Majrooh Sultanpuri and Dada Burman were both born October 1, 13 years apart. Dada was born in 1906 and Majrooh in 1919. Destined to come together and create magic for music lovers in Hindi cinema, they partnered in 20 films from 1957 to 1976, leaving behind unforgettable gems that continue to shine brighter as the years pass by.
A journey down some of their eternal melodies as a tribute to the twin birthdays today.
Across Germany, and in many other parts of the world, the October Fest is celebrated with beer or lager and free willing music. It has its roots in the setting in of fall weather with farmers going in for fall and winter crops that would not need them to toil as hard in field as they did all summer through.
For me, a person who survives on music, my October Fest is celebrating the season of the partnership of Majrooh Sultanpuri with SD Burman through a pick of 20 + 1 songs. Together they gave us so many superb reasons to celebrate.
Majrooh was a poet of all seasons, he could write on the demands of the screenplay and situation and on the pre-set tunes of the music directors with deft. He could get as deep in human emotions as there can be or get as frivolous as we shall see in our first selection. He was introduced to Dada Burman (S D Burman) when Sahir Ludhianvi’s exit created a gap in Dada’s music room. Paying Guest (1957) was the first film they came together and registered an instant hit, paving way to a trend for many more to follow.
Chhod do aanchal zamaana kya kahega (Paying Guest, 1957) Asha Bhosle, Kishore Kumar
Carrying on with the masti, Majrooh got a full exposure to exploit the unique chhed-chhad mood poetry in Vijay Anand’s debut venture Nau Do Gyarah, also in 1957. Enough to alarm the puritans, how can one ask anchal mein kya ji and have a reply as gazab ki hulchal! It was as much a bomb shell in its time as was Choli ke peechhe kya hai, many years later. But the difference was in the class of the lyrics, the usage of the song, its picturisation and the music. Majrooh was confidence personified about the success of the song as much as his ‘partner in crime’ Dada Burman was. And when the two got together in their pure masti, the outcome was excellent songs that are relished to date providing endless joy.
* Hum hain raahi pyar ke, humse kuchh na boliye / Kishore
* So jaa nindiya ke bela hai, ho, aaja panchhi akela hai/ Asha-Rafi
* Kali ke roop mein chali ho dhoop mein kahan/ Asha-Rafi
And this one by Asha and Kishore, already mentioned above.
Aankhon mein kya ji, rupehla baadal (Nau Do Gyarah, 1957) Asha Bhosle and Kishore Kumar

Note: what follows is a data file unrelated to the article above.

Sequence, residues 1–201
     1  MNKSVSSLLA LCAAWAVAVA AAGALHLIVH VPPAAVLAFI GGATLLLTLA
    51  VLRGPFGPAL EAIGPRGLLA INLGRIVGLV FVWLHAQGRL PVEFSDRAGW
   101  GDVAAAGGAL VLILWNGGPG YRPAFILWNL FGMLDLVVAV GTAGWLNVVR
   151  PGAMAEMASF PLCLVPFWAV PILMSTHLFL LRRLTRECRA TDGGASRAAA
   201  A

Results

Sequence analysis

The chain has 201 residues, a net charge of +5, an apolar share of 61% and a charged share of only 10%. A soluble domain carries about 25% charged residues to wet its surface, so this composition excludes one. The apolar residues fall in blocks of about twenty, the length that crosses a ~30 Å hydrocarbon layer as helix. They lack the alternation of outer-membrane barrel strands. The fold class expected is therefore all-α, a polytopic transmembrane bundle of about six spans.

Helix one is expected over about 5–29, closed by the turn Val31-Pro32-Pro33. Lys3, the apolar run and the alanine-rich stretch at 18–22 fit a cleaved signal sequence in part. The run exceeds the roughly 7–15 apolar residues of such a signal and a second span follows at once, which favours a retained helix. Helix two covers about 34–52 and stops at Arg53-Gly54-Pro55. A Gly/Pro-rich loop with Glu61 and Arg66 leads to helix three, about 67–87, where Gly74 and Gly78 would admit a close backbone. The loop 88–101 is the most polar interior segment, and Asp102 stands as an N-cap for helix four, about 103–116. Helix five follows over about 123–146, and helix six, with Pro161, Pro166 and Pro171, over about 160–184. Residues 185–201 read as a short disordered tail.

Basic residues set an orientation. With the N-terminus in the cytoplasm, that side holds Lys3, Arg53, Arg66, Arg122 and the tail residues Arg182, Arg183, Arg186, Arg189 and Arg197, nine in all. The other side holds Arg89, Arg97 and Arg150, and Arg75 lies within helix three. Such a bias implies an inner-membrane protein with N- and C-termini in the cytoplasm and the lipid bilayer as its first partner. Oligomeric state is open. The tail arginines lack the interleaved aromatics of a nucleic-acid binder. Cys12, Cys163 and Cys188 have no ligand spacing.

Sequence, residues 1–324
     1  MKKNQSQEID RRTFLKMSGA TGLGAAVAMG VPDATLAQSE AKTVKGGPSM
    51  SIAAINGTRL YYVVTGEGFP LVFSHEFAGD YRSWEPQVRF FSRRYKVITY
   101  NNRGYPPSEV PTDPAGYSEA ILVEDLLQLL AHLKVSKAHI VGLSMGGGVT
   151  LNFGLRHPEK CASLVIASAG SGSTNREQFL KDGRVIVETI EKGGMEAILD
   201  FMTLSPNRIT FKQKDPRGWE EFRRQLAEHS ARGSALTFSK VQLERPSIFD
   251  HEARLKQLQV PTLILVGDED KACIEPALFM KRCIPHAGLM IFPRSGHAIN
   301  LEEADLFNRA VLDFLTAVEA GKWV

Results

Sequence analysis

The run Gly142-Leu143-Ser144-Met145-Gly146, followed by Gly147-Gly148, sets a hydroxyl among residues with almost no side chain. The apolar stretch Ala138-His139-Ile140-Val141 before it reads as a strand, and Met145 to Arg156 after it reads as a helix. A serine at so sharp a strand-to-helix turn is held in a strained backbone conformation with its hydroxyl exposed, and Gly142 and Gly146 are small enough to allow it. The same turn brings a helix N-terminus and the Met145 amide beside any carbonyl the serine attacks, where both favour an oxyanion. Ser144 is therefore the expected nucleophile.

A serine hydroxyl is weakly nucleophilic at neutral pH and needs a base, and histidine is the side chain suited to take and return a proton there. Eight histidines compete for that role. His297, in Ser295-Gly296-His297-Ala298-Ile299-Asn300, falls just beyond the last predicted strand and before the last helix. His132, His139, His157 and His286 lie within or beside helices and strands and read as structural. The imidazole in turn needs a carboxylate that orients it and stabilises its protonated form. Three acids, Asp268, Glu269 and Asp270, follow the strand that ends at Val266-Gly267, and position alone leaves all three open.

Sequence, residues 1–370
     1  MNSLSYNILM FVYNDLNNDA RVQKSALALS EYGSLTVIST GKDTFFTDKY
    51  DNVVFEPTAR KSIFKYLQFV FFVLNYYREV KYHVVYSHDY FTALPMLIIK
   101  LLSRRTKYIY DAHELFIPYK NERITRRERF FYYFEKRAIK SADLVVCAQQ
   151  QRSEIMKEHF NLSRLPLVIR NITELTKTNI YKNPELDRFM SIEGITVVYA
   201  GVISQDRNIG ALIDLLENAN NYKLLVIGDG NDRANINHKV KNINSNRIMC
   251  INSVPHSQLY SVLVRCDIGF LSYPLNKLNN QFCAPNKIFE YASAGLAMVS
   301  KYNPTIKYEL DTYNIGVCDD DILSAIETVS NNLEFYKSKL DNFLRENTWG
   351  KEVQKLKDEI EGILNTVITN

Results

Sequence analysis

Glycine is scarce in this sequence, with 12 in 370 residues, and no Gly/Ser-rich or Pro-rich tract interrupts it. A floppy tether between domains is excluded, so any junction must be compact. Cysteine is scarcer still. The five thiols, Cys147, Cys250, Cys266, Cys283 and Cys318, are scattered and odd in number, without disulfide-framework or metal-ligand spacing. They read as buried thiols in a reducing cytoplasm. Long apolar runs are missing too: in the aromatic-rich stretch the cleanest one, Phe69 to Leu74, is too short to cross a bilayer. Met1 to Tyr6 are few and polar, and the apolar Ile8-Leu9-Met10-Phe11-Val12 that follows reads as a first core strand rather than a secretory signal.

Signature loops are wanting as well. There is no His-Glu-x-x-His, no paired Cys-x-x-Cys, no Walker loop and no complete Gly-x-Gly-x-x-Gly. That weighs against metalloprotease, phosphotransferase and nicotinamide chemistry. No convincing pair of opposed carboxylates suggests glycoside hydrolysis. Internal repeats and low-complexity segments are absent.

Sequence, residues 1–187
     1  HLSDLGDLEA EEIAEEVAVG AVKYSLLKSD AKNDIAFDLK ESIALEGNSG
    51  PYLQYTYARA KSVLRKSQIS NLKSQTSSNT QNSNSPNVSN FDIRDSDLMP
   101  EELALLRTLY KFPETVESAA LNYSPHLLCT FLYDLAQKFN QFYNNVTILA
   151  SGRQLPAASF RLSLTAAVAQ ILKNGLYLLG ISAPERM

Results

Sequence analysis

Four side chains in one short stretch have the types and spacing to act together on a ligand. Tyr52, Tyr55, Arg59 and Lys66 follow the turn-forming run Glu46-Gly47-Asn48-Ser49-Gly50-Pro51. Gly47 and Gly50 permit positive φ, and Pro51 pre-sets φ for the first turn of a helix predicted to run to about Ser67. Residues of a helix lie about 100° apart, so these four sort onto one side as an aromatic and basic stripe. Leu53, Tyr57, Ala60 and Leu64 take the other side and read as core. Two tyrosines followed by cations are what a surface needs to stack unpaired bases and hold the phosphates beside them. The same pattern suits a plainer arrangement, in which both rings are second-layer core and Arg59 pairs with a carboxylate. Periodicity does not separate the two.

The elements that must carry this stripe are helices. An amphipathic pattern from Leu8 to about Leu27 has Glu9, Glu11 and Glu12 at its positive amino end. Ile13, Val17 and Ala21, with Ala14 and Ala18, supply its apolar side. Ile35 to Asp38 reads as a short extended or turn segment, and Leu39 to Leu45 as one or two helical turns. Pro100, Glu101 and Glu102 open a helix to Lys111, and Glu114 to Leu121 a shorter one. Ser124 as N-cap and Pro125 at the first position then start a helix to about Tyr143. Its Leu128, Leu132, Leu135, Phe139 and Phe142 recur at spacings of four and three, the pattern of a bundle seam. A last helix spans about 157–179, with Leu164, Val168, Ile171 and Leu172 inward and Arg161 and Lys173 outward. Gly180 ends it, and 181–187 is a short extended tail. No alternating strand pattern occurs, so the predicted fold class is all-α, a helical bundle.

Majrooh Sultanpuri and Dada Burman were both born 1st October, 13 years apart. Dada was born in 1906 and Majrooh in 1919. Destined to come together and create magic for music lovers in Hindi cinema, they partnered in 20 films from 1957 to 1976, from Subodh Mukherji’s Paying Guest to Hrishikesh Mukherji’s Arjun Pandit (released after Dada Burman’s death).
It was sheer masti and magic again when they created another duet with Asha and Rafi to go on Madhubala and Dev Anand in Raj Khosla’s Kala Pani (1958). The entire chemistry worked wonders and on screen it was just an unparalleled masterpiece. So poignantly said, Hum na rahe to yaad karoge, samjhe! None of the contributors are alive anymore, yet the magic lives on.
Achha ji main haari chalo maan jaao na (Kalapani, 1958) Asha Bhosle and Mohd Rafi
On Madhubala, the magic of Majrooh with Dada Burman was most effective in Kishore Kumar’s Chalti Ka Naam Gaadi (1958).
Can we ever forget…
Kabhi kuchh kehti hai kabhi kabhi kuchh kehti hai,
zarra nazar ko sambhalna,
Haal haisa hai janab ka?
Kya khayal hai aapka?
Listen to ‘Baajoo…. Babu, samjho ishaare’ and you can picturise the three harum-scarum brothers in the madly driven jalopy. The fun lyrics are loaded with meaning!
Bandhi mutthi laakh ki,
aur khuli to pyare khaak ki,
Bajoooo… Babu samjho ishare..
There is no parallel in the history of Hindi films to Ek ladki bheegi bhagi si. In its conception, its delivery, unique lyrics, situation and the acting, not to mention the superlative music, the magic of Kishore and the ever-so-beautiful Madhubala is unique. An auto mechanic is singing and using his tools as musical instruments. His lyrics reflect his world of tools and nuts but the naughty chhed-chhad is spot on!
Who other than Kishore can quip about a customer Uska koi pench bhi dheela hai and yet end up amusing her and us equally. The fun and frolic from the team of Dada and Majrooh with their highly enjoyable creation has entertained us for the past six decades. Enjoy this drenched in rain and thermos full of hot tea song:
Ek ladki bheegi bhagi si, soti raaton mein jaagi si (Chalti Ka Naam Gaadi, 1958) Kishore Kumar
Dada Burman was known to be one who composed all his tunes first and then asked the lyricist to accommodate his concepts, words, emotions into the song as the situation demanded. Majrooh was a poet first, yet he learnt the art to play with words and mood quickly and come out brilliantly.
As Majrooh Sahab had explained to me in an exclusive conversation, “I had a great understanding with Burman Sahab and his son. You can say, it was all a matter of home (ghar ka sa mamla thha). Dada had a good knowledge of shayari too. He may not perhaps get the correct meaning of a particular jumla, but he would very well understand the entire ghazal or nazmor geet. He used to be almost in a trance when making a tune, sitting comfortably, never in a hurry.